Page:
Why is Donald Trump dismissing mounting pressure to disclose his tax returns or allow an independent valuation of his assets?
The New York Times using a property information firm to search publicly available data found he is tied up in three passive partnerships that owe $2billion
The search reveals more than 30 US properties connected Trump’s real estate empire have at least $650million in debt
This is contrary to the claims of the billionaire tycoon on the campaign trail that he is a ‘very, very rich’ and successful real estate investor, worth over $10billion
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It would seem that the newly minted politician who boasts of debt, is really a debt king, afterall. Donald J Trump on CBS “This Morning” in June said, “I’m the king of debt. I’m great with debt”.
“Nobody knows debt better than me. I’ve made a fortune by using debt. And if things don’t work out, I renegotiate the debt. That’s a smart thing, not a stupid thing.”
A new York Times expose, Saturday, reveals that companies belonging to Donald Trump have at least $650million in debt, more than twice the amount shown in public filings made by his presidential campaign.
Trump Plaza. Trump apparently, is also tied up in three passive partnerships that owe $2billion
In addition to the $650million liabilities, ‘a substantial portion of his wealth is tied up in three passive partnerships that owe an additional $2billion to a string of lenders’, the Times said this last debt could significantly affect the size of Trump’s wealth.
Significantly, while Trump has railed against China during his bid for the White House, the highly leveraged businessman owns 30% of an office building on Sixth Ave. in Manhattan that counts Bank of China as one four lenders securing a $950 million loan, the Times reported.
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Also listed among the four lenders is the wall street bank, Goldman Sachs, the financial firm that Trump says his Democratic rival Hillary Clinton is beholden to because it paid her $675,000 in speaking fees. In a 104-page federal financial disclosure form submitted earlier in the campaign, Trump had said his businesses owed at least $315 million to a relatively small group of lenders and listed ties to more than 500 limited liability companies. Though he answered the questions, the form appears to have been designed for candidates with simpler finances than his, and did not require disclosure of portions of his business activities.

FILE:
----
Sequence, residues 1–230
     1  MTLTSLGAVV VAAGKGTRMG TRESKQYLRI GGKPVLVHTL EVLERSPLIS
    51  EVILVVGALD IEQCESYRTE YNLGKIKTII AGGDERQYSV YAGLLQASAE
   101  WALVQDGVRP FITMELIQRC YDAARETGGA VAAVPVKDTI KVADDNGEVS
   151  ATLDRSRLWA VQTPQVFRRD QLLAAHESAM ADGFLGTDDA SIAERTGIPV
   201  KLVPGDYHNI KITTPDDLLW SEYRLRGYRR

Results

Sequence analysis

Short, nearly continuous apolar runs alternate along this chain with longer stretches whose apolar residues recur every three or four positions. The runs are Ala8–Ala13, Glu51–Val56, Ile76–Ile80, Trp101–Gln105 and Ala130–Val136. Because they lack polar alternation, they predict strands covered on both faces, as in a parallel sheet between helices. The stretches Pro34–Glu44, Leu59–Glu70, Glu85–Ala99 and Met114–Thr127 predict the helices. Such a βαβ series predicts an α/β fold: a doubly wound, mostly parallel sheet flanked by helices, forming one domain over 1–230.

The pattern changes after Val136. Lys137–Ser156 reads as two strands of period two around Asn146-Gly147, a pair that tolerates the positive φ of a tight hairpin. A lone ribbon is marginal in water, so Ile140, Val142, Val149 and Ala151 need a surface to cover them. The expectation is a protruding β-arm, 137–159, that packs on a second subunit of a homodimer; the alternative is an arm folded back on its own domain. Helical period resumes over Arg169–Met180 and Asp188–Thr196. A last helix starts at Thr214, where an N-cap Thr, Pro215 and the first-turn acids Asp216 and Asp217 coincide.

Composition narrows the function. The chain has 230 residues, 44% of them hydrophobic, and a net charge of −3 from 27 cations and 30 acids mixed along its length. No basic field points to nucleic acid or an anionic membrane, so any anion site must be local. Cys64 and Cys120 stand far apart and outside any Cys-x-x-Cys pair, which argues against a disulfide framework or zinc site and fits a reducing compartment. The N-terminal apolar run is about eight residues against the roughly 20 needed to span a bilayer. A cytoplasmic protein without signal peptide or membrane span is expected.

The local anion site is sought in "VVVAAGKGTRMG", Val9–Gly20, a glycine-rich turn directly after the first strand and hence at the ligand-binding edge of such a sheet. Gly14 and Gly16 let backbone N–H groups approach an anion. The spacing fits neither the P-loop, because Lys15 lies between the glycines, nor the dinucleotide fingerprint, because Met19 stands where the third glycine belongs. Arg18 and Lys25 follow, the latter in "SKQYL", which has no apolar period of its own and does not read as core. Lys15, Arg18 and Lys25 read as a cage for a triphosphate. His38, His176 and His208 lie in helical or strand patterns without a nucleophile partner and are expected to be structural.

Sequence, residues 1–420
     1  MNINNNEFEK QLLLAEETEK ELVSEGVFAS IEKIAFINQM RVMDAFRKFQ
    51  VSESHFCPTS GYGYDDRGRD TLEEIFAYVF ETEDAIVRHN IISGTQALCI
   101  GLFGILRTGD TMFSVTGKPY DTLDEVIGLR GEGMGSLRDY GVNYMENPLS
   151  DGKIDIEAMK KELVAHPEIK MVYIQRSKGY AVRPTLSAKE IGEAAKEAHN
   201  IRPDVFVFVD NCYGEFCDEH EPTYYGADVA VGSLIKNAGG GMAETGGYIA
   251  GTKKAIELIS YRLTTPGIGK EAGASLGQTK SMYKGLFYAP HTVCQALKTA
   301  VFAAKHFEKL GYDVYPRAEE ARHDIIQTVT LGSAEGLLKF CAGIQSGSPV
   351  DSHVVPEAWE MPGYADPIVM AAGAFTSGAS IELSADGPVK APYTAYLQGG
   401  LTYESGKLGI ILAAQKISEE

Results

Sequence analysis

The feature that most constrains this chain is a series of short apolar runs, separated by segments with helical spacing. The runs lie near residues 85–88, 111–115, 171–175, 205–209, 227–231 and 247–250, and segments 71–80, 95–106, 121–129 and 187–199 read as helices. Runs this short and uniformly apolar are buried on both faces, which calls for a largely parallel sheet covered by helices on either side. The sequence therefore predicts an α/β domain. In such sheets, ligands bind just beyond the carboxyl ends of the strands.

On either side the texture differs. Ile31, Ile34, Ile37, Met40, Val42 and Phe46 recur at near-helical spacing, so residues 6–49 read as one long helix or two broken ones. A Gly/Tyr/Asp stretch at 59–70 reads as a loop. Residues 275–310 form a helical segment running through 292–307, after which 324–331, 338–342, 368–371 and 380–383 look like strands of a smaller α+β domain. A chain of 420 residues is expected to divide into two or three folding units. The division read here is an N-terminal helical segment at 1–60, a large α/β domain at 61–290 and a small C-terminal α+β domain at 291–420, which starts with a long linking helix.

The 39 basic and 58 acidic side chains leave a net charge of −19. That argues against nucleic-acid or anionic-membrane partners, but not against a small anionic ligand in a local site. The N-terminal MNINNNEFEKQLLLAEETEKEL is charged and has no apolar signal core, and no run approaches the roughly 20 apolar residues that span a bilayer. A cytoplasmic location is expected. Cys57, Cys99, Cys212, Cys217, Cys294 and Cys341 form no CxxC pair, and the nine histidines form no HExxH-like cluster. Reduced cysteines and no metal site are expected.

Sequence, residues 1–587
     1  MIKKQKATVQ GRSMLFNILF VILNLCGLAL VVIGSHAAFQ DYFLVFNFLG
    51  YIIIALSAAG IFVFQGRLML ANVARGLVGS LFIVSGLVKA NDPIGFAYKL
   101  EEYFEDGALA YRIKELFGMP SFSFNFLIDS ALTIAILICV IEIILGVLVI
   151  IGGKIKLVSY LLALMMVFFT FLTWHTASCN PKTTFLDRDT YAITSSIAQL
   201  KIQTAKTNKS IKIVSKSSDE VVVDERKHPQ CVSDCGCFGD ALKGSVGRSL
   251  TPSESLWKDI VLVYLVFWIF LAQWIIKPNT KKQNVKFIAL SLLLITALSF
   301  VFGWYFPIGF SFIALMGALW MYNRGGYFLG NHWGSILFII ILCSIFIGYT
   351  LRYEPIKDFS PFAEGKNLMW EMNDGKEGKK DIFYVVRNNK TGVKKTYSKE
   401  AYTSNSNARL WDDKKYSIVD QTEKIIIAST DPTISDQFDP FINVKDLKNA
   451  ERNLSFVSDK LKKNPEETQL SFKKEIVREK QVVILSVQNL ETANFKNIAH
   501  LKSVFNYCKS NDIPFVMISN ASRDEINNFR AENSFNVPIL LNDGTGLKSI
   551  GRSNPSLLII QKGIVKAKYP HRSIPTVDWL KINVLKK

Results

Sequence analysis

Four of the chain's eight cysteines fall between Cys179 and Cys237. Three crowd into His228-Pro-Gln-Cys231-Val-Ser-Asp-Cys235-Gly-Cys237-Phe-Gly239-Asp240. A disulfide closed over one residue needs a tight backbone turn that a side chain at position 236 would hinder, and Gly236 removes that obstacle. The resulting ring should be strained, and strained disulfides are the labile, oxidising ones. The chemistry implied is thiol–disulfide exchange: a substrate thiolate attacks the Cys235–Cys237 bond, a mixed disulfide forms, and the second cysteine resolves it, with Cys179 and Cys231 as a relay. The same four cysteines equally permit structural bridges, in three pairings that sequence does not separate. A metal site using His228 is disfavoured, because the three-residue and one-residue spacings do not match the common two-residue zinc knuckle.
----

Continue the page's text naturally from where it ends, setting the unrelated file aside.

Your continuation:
A New York Times investigation into more than 30 US properties connected Donald Trump revealed his companies owe at least $650million up from the $315million he claimed in his financial disclosure form
The billionaire tycoon campaigns on what he says is his spectacularly successful real estate record. Whereas he claims to be worth $10billion and citing his business acumen as his major qualification for the presidency, he indicated in the financial disclosure form he filed in connection with this campaign that he was worth at least $1.5 billion. He also publicly stated that the figure is actually greater than $10 billion. Recent estimates by Forbes and Fortune magazines and Bloomberg have put his worth at less than $5 billion.
Trump’s campaign filings show his businesses debts are owned by the financial institutions he has lampooned including Bank of China and Goldman Sachs
However, he has dismissed mounting pressure even from within his own party to disclose his tax returns or allow an independent valuation of his assets.
Trump’s campaign filings show his businesses owed at least $315million, the Times noted, saying they appear to be accurate and that Trump was not required to disclose all of his business activities.
Although the paper does not accuse him of any wrongdoing, the investigation ‘underscored how much of Mr Trump’s business remains shrouded in mystery’.
The probe ‘also found that Mr Trump’s fortunes depend deeply on a wide array of financial backers, including one he has cited in attacks during his campaign’, the Times said.
His lenders include one of the largest banks in China – which the Republican candidate accuses of being a US economic foe – and the investment bank Goldman Sachs, which he says influences his Democratic White House rival Hillary Clinton.As president, the Times said, Trump would be able to make decisions that would have a major influence on his business empire and net worth.
The Times hired property search firm RedVision Systems to delve into Trump’s opaque maze of real estate holdings and help sort out his stakes in commercial and residential properties, including hotels, golf courses, office buildings and a vineyard.